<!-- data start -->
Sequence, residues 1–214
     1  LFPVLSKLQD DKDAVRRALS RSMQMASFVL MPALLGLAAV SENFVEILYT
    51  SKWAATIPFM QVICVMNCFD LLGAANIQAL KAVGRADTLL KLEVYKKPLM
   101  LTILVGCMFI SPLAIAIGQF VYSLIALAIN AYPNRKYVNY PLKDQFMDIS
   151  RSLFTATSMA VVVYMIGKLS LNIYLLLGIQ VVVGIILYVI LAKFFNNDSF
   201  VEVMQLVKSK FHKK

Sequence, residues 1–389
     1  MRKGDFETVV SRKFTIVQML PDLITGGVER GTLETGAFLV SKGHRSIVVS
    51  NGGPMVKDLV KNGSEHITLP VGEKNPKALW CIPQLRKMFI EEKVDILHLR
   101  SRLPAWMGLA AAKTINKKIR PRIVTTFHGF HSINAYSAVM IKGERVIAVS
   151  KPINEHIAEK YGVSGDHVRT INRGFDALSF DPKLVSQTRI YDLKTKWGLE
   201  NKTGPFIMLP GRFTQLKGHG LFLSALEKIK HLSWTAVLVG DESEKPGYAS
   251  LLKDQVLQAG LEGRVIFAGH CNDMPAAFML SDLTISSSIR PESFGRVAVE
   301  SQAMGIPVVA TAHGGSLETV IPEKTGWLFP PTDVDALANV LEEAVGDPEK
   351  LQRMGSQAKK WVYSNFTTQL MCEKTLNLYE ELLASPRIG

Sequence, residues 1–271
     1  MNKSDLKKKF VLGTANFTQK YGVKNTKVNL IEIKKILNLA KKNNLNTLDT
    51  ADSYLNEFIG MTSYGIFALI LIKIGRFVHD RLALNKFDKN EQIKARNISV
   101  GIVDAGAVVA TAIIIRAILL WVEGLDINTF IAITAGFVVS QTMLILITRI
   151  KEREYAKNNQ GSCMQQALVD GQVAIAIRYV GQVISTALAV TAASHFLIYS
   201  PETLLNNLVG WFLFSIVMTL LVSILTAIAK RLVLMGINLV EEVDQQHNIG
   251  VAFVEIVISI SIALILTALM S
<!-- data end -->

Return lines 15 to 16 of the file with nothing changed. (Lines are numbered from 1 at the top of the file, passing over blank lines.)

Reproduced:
   351  LQRMGSQAKK WVYSNFTTQL MCEKTLNLYE ELLASPRIG

Sequence, residues 1–271